Five Employment Law Trends to Lookout for in the Year 2019

Five 2019 Employment Law Trends to Lookout For - OCCC
  1. Paid Family Leave

    In 2019, eligible employees in New York State will receive up to 10 weeks of Paid Family Leave and up to 55% of their average weekly wage (capped at 55% of the State’s average weekly wage) during their paid leave. The maximum benefit of 12 weeks off and 67% of average weekly wage will not be realized until the year 2021.

  2. Minimum Wage Increase

    Starting on December 31, 2018, minimum wage rates will increase across New York State. In New York City, large employers (11 employees or more) must pay their employees $15.00 per hour and small employers (10 employees or less) must pay their employees $13.50 per hour. In Long Island and Westchester, employees must be paid a minimum of $12.00 per hour regardless of employer size. For the rest of New York State, the minimum wage will be $11.10 per hour, regardless of the size of the employer.

    The minimum salary requirements for exempt employees in New York State will also be increasing. On December 31, 2018, exempt employees of large employers in New York City must be paid $1,125.00 per week, and employees of small employers in New York City must be paid $1,012.50 per week. For the remainder of downstate New York (i.e., Nassau, Suffolk and Westchester Counties), the minimum salary requirement will go up to $900.00 per week and the rest of the State will see an increase in the minimum salary requirement to $832.00 per week.

  3. Sexual Harassment Policy and Training Requirements

    In case you missed it, starting on October 9, 2018, all employers in New York State, both public and private and irrespective of employer size, were required to adopt a sexual harassment prevention policy which, at the minimum, complies with the model policy established by the State. All employers are also required to provide yearly interactive training to their employees and are required to train new employees as soon as possible after hiring. Jacobowitz & Gubits is available to provide the State mandated training; please visit our website for more information:

  4. Sexual Harassment Arbitration Clauses Prohibited

    As part of the sexual harassment prevention laws that were passed in the 2017-2018 legislative session, Rule 7515 of the Civil Practice Law and Rules (“CPLR”) was amended to prohibit mandatory arbitration in disputes regarding sexual harassment. This applies to all employers regardless of size and is applicable to all contracts entered into on or after July 11, 2018.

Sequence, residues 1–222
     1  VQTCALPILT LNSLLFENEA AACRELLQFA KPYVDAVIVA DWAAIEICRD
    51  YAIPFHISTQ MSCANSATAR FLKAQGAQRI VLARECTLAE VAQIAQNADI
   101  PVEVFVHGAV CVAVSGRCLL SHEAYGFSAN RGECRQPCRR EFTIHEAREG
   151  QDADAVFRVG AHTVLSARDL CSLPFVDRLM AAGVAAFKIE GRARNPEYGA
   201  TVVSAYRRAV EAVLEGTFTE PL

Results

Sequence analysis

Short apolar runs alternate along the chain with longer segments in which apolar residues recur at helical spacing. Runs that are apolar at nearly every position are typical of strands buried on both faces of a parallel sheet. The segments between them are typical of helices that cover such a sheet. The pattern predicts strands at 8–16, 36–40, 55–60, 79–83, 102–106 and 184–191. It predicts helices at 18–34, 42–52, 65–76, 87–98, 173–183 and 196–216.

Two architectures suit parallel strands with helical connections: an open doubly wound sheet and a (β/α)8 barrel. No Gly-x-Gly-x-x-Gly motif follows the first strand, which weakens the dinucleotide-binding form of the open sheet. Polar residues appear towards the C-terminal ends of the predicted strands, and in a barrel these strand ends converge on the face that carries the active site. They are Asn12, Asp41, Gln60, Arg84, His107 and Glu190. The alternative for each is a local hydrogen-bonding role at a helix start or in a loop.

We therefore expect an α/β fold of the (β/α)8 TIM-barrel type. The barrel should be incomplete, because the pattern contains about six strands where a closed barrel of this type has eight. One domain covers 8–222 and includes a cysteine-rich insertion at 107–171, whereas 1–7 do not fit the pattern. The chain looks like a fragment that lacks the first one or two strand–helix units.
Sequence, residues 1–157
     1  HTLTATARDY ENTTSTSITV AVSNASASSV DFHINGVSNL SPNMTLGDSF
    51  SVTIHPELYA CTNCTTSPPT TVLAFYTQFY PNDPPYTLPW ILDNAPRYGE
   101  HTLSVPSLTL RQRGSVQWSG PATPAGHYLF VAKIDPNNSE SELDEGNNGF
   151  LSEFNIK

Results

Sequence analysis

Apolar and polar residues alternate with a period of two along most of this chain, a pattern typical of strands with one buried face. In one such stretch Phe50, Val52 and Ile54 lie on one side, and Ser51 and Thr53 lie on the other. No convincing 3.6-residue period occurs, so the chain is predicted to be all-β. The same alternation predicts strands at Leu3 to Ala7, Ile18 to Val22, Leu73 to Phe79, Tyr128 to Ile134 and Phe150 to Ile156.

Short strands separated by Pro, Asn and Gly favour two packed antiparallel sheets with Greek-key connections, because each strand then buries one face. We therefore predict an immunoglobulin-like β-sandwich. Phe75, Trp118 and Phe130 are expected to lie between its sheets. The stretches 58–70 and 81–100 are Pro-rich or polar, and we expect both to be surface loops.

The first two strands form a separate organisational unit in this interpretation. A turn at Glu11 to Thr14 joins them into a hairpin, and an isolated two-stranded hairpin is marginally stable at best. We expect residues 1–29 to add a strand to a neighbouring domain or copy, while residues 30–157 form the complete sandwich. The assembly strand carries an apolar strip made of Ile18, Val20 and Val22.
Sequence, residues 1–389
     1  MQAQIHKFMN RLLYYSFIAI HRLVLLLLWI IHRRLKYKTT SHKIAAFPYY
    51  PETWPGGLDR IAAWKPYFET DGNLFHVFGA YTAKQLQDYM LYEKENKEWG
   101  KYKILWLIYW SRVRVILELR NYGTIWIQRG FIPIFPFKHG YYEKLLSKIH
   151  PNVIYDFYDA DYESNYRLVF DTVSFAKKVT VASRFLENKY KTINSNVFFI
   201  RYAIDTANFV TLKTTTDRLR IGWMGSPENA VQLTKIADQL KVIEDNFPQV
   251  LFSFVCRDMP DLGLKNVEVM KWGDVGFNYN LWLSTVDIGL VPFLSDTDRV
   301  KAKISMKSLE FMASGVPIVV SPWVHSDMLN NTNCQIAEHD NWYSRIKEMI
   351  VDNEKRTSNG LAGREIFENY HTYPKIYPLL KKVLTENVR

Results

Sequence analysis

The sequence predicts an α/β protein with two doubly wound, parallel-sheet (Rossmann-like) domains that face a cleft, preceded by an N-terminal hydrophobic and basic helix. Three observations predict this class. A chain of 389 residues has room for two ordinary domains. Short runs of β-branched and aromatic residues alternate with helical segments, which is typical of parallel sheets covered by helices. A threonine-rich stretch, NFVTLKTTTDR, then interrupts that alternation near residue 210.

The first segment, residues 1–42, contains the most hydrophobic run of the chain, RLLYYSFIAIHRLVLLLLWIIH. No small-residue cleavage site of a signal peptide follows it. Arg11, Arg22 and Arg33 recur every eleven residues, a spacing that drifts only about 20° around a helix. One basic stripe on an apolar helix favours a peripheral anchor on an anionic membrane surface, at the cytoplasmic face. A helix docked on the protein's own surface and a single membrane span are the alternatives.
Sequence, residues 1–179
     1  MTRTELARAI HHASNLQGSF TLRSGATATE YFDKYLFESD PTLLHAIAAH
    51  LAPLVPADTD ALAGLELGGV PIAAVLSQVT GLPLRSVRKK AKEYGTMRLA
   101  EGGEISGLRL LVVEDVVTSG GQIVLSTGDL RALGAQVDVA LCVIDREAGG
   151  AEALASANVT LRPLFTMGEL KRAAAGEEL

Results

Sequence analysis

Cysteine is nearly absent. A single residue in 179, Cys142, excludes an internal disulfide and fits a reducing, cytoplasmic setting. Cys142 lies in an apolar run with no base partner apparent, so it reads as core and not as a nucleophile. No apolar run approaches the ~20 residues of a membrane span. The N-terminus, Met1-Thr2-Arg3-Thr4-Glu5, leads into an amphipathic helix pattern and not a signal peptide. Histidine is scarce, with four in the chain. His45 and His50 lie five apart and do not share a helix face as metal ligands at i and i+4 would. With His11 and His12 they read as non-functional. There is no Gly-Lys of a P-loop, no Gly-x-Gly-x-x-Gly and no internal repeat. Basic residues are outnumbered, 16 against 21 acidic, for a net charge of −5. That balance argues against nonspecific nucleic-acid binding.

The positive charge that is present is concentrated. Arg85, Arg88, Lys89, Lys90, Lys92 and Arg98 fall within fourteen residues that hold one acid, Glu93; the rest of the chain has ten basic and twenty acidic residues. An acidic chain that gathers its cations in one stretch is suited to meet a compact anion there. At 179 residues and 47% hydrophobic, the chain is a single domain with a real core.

5. Sexual Harassment Non-Disclosure Clauses Prohibited

    In addition, CPLR §5003-b and General Obligations Law (“GOL”) §5-336 were modified to prohibit employers from mandating non-disclosure and confidentiality as part of settlement agreements resolving sexual harassment disputes. The exception is where the victim has requested confidentiality, in which case the agreement must memorialize the victim’s preference. The victim must have 21 days to consider the confidentiality clause and, if the agreement is ultimately signed after 21 days, the victim then has 7 days to revoke the agreement. Unlike some Federal statutes such as the Age Discrimination in Employment Act (“ADEA”) that permit the 21-day time frame to be waived by the employee, the CPLR and GOL do not permit the 21-day time frame to be waived. This change applies to all settlement agreements entered into on or after July 11, 2018.


Visit our website during the year for more updates as they happen!

Jennifer S. Echevarria is an Associate with the firm and practices Immigration and Employment Law including U-Visas and wage violations.  She is bilingual in Spanish and can be reached by phone at 866-303-9595 toll free or 845-764-9656 and by email.